Too much exposition can sometimes ruin the fun of action manga and anime. There are parts of Naruto, Bleach, and even Soul Eater where I feel like a scene suffers from being too talkative, resulting in the impending fight afterwards being somewhat underwhelming. Tsuyoshi Takaki's Black Torch does everything it can to avoid that, with the author's goal of making "cool manga" being his one and only intention. Consider this a good thing, as the series continues to be one entertaining slobberknocker, even three volumes in.
Leaving off where Volume Two ends, Black Torch continues with Jiro and Rago battling within an illusion for training purposes. Said illusion brings the two into a past memory, where Rago was considered a deity of a village. This all changes when a human-like mononoke named Amagi appears, with a plan to destroy all of human life before they themselves can be vanquished. It's here where we discover why Rago was locked in a killing stone, with both he and Jiro realizing how to overcome their current challenge. Meanwhile, severed human heads are discovered in a nearby neighborhood, as Black Torch sets out to find the mononoke responsible for the heinous deeds.
What keeps pulling me into Black Torch is its means of cutting the fat that most shonen series suffer from. There's always this overbearing conflict or deep underlying mantra that the heroes tend to trot through to get to their next goal or plot point. Reading through Rago's backstory, one would think that it would lead to some understanding between him and Jiro over why he was in the killing stone. Instead, it takes readers on a left turn thanks to Jiro's blunt (and truthful) response over the whole ordeal. Not only is it refreshing to see a main character do that, it also adds to the humor that Takaki is so good at bringing out in his story.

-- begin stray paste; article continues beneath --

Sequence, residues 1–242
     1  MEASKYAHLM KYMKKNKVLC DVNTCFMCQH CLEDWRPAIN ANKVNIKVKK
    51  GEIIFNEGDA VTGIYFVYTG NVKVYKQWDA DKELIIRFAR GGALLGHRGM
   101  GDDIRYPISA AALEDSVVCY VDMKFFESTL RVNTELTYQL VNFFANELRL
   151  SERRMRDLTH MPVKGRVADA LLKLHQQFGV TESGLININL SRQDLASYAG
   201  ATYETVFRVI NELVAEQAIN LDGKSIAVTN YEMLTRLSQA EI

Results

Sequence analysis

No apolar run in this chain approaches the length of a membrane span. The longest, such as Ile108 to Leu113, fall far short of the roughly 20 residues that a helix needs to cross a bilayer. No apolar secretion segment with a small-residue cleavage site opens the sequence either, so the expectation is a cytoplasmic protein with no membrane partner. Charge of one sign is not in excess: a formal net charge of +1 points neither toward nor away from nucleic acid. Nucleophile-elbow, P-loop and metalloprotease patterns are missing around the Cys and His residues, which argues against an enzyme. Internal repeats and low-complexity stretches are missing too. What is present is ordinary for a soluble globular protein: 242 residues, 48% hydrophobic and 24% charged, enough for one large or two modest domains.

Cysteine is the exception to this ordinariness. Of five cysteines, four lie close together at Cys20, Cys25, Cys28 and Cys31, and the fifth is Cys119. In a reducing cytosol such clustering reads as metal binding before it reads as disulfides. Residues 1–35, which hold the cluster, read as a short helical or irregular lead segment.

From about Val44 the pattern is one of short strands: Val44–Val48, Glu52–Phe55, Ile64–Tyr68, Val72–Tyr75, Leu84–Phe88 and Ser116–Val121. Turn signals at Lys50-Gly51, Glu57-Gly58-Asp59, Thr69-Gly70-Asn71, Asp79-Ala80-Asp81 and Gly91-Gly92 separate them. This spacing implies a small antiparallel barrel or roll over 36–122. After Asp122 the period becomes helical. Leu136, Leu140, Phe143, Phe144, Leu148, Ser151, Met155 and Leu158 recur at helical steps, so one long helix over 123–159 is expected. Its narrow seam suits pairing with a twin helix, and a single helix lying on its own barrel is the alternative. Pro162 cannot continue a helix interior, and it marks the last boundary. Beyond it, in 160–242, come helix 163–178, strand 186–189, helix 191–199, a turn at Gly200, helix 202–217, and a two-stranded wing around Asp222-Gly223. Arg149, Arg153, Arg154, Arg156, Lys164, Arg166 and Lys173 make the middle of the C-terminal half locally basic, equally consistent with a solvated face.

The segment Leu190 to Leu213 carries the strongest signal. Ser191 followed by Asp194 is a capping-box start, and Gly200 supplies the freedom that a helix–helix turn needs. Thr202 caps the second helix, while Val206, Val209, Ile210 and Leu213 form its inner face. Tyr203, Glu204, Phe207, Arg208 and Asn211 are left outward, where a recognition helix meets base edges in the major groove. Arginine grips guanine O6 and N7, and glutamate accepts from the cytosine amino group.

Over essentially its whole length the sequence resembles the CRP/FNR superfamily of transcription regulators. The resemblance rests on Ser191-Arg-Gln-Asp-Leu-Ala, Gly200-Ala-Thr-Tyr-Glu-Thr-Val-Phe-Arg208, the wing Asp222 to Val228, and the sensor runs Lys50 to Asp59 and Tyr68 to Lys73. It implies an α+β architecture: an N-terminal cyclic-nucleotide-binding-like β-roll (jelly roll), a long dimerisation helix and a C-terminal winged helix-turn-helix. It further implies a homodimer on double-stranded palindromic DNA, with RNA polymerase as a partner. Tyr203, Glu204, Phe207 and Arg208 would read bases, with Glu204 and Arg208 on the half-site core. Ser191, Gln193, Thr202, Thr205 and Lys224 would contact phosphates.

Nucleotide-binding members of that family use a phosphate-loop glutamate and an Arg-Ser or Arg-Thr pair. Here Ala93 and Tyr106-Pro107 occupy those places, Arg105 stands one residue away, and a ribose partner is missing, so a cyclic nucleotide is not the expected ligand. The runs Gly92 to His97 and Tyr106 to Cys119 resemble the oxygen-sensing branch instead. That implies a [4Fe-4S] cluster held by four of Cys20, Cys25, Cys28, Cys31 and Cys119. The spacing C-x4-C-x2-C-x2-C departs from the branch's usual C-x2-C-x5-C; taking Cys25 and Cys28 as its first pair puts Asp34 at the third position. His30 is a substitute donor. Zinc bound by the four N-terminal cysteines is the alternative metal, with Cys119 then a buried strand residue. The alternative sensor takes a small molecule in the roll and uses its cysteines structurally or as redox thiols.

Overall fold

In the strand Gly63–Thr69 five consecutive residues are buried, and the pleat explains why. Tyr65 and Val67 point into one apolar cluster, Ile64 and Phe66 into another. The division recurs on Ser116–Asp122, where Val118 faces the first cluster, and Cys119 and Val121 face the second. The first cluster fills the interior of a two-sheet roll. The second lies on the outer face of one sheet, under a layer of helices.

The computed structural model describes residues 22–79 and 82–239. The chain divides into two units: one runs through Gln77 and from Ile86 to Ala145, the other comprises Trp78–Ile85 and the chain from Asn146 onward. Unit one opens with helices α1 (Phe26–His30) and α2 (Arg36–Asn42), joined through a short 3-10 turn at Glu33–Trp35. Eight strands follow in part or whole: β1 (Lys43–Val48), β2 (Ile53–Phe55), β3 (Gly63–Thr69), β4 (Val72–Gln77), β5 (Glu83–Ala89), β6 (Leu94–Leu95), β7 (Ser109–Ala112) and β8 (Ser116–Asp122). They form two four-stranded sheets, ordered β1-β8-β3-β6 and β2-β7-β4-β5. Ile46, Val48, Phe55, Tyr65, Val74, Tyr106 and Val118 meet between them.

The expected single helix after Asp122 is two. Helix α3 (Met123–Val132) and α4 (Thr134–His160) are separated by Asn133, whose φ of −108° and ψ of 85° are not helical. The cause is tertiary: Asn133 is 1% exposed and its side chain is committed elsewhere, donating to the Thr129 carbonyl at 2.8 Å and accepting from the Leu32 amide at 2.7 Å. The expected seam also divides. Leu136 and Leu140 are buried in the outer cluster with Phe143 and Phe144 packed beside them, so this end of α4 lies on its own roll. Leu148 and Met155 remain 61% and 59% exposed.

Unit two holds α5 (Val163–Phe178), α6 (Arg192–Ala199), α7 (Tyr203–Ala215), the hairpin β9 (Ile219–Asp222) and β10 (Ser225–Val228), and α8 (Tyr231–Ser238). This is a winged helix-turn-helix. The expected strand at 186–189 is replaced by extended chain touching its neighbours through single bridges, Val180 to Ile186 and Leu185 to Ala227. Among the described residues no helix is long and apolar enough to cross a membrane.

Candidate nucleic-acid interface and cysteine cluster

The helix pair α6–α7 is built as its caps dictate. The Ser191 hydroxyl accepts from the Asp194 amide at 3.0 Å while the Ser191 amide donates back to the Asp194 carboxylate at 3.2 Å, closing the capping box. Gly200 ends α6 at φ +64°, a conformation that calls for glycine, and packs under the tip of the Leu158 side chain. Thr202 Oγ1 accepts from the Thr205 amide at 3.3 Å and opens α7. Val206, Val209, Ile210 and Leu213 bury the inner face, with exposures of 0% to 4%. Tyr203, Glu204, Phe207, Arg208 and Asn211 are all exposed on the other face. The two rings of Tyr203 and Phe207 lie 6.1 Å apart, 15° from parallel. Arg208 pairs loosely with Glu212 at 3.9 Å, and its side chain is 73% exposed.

It's when the Reiji, Jiro, and Ichika set out to find the four mononoke responsible for the recent human beheadings when the action gets very good. Watching as Jiro and Rago face off against the ogre-like Kanawa delivers some beautiful fight shots, as it builds towards a new level of power that the duo never realized they had. A face-off between Reiji and a familiar foe results in not just a tough-as-nails battle, but also a flashback revealing a sort of frustration from an enemy that I've never seen presented before. As this is going on, the match with Ichika and the horned mononoke Roren delivers a bit of humor into their fight, albeit with a nice level of badassery towards its end.
Three volumes in, and Black Torch continues to be one entertaining popcorn affair. Although this volume dives deeper into some character back stories, it never feels like they're trying to stretch out a plot for the sake of selling another issue or two in the near-future. Even when a big baddie shows up to reveal to Jiro about Rago's usage of power, there's zero hesitation over what the next course of action should be. A fight with evil spirits leads little time for heroes to conflict with their rights and wrongs, and Black Torch understands that better than even some of the longest-running shonen manga out there. For that, Takaki easily makes a hell of an impression as a writer and character developer.
Promotional consideration provided by Erik Jansen of MediaLab PR